Hundreds of inmates per month violate terms of home incarceratio - wave3.com-Louisville News, Weather & Sports

Hundreds of inmates per month violate terms of home incarceration

In a rare case, a suspect was not in HIP a full week before he was back in custody on murder charges. (Source: WAVE 3 News) In a rare case, a suspect was not in HIP a full week before he was back in custody on murder charges. (Source: WAVE 3 News)

LOUISVILLE, KY (WAVE) - It was supposed to a safe, cost effective alternative to sending a suspect to jail. But a man ordered into home incarceration by a judge is now accused of killing someone.  

Under the rules of the home incarceration program, or HIP, Justin Curry was required to pay a visit to Louisville Metro corrections officers once a week.

He was not in the program a full week before he was back in custody on murder charges.

>> PREVIOUS STORY: Murder cases expose flaws in home incarceration

When asked for specifics, Metro Corrections could not say if, or how often, they had face-to-face contact with Curry after they sent him home with an ankle bracelet.

Curry's case is extreme and rare. But when it comes to breaking the rules, hundreds of HIP inmates do it every month.

"Some people don't have a residence. Some people have issues with their current residence," Louisville Metro Department of Corrections Capt. Dawn Thompson said. "Some people fail drug tests. Some people have warrants that come in. Some people drink alcohol."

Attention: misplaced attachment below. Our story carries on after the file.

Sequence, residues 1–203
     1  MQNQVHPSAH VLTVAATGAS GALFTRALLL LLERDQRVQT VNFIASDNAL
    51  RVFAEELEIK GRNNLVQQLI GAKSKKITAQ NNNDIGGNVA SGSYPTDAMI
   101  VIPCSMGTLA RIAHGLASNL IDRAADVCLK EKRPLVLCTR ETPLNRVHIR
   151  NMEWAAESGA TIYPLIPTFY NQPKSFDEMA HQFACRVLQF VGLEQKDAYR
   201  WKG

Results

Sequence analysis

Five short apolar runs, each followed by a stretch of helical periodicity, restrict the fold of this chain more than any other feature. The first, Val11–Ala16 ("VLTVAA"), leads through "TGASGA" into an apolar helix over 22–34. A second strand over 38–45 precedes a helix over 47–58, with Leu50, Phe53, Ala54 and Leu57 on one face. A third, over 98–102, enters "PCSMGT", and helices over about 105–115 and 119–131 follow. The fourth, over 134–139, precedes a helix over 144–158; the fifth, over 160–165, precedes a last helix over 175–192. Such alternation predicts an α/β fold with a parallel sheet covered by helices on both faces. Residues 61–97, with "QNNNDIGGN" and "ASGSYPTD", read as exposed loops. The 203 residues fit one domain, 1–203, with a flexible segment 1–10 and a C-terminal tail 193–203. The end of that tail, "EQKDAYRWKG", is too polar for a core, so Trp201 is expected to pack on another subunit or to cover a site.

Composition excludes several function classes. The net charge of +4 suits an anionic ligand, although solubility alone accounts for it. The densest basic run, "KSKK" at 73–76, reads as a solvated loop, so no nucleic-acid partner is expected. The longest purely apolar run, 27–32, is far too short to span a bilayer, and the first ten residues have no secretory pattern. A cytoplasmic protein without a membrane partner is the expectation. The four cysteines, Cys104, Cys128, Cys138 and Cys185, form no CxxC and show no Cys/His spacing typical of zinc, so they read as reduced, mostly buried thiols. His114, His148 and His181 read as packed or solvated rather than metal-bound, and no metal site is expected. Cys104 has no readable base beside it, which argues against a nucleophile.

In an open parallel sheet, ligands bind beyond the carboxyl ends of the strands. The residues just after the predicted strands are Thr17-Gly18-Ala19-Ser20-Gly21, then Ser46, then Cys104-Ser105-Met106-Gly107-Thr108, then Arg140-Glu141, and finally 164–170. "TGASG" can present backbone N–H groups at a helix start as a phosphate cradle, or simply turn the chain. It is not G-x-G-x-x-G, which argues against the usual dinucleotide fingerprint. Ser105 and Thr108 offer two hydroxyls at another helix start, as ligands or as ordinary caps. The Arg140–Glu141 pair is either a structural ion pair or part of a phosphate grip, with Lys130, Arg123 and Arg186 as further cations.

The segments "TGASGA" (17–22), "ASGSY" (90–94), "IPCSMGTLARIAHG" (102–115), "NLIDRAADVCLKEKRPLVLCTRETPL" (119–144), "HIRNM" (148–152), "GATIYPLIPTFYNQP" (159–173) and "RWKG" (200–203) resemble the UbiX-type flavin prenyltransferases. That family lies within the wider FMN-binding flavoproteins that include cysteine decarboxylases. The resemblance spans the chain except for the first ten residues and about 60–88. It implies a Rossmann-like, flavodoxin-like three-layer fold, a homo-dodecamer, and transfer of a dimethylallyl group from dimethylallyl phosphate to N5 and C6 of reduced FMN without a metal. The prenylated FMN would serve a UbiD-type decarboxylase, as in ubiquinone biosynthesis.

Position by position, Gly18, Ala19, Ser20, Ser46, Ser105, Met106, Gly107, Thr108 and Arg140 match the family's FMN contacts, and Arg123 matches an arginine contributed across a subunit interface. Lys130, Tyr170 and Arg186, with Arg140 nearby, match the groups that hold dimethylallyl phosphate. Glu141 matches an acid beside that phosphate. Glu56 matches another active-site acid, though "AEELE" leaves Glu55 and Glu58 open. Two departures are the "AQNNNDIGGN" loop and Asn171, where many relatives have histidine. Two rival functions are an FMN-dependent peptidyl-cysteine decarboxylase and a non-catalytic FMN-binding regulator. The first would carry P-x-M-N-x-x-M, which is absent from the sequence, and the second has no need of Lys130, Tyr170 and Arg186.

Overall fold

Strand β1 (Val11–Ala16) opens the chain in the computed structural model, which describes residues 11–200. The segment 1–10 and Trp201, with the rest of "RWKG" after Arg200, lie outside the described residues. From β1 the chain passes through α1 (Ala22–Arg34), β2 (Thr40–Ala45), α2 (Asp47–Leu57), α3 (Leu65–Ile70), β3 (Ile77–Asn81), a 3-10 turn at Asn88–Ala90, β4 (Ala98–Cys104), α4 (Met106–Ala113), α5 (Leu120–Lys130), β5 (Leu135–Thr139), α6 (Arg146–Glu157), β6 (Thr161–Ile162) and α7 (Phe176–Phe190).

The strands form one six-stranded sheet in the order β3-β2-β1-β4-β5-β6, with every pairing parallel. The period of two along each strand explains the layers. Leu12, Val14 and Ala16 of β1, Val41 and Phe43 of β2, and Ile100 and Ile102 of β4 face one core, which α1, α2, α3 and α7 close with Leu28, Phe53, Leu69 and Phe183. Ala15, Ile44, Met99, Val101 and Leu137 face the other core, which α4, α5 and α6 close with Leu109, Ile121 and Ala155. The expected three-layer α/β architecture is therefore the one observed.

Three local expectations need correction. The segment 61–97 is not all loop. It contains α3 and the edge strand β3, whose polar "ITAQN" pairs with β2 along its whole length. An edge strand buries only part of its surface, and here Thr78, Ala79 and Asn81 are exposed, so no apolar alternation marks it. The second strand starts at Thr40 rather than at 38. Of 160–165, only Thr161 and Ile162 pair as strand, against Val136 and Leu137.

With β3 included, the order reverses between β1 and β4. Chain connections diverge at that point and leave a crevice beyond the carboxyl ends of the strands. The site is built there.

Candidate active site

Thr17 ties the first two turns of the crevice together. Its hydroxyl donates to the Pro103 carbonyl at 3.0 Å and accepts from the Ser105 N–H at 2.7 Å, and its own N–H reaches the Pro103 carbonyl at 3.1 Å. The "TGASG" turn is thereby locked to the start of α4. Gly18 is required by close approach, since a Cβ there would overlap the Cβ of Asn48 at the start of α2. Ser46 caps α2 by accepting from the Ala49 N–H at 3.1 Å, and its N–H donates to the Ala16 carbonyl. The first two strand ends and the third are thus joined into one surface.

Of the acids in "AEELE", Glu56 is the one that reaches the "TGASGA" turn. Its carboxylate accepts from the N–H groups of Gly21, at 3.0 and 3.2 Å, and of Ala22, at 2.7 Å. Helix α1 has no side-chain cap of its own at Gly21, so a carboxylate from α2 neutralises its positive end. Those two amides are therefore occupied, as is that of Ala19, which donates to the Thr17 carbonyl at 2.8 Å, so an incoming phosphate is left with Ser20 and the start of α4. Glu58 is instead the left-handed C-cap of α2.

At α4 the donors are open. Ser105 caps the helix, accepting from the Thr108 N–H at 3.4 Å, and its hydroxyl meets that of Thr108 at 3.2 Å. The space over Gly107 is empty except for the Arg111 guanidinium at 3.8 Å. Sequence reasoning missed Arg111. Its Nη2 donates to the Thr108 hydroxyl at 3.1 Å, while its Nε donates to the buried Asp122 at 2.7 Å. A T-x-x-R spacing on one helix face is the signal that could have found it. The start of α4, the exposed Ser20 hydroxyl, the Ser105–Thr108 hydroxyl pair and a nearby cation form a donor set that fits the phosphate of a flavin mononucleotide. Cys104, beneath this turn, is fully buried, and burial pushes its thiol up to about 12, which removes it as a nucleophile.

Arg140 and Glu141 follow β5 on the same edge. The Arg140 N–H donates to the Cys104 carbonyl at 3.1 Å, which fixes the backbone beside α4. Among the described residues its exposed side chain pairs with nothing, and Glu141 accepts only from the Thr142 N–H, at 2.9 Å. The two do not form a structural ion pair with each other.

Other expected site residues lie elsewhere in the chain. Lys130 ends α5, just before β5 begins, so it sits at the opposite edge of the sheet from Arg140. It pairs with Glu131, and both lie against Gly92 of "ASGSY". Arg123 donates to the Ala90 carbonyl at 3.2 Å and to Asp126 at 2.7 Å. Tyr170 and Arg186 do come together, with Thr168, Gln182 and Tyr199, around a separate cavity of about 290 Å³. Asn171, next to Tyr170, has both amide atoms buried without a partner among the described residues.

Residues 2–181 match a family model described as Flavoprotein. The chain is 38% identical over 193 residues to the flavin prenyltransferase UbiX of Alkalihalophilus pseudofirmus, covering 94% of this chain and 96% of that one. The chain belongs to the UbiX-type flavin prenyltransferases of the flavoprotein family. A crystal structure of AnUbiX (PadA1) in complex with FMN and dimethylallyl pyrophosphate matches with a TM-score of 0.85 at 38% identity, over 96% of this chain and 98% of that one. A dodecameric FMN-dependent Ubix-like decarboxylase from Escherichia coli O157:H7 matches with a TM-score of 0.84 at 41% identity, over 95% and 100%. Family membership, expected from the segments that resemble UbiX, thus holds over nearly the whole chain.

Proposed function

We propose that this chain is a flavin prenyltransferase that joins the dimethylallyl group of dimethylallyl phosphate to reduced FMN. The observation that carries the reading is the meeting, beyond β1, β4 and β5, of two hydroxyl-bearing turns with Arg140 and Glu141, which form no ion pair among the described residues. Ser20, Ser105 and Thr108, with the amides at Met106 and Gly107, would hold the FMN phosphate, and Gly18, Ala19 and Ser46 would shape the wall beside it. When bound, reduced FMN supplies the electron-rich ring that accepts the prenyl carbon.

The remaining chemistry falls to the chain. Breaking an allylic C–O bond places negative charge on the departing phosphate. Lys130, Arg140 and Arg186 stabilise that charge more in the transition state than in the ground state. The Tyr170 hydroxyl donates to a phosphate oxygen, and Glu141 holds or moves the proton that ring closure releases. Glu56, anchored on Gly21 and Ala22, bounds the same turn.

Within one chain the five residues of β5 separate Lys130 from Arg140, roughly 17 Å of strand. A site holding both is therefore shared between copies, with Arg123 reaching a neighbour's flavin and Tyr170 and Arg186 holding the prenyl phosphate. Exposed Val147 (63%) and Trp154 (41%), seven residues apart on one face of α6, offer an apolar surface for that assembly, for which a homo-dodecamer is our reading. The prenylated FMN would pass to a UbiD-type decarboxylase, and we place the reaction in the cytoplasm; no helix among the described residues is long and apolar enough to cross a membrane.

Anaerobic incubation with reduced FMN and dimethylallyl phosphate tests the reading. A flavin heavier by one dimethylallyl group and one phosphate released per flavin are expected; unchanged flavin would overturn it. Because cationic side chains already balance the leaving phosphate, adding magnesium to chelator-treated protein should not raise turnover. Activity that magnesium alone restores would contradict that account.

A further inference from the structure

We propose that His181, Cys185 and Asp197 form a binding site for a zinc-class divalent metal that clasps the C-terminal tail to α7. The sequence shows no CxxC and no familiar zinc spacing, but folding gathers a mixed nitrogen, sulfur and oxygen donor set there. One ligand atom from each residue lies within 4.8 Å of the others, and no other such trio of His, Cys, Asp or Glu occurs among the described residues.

But Thompson said few HIP inmates commit acts of violence. 

All inmates are fitted with a locating device, worn around the ankle. Authorities are alerted anytime someone goes outside their detention zone.

In a typical week, it is not unusual to see 70 people violating the terms of their home incarceration. When that happens, the offender can be picked up by an officer, taken back before a judge and, in some cases, sent back to jail.

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On Wednesday, LMDC reported there were 661 HIP inmates to keep tabs on. Electronic surveillance does the bulk of the work.

All inmates are required to come to the office once a week. But by the end of the week, officers will have checked an inmate's home less than 10% of the time.

Searches of an inmate's home are even less frequent.

Corrections officials say most HIP inmates are in the program an average of 21 days while their cases work through the courts.

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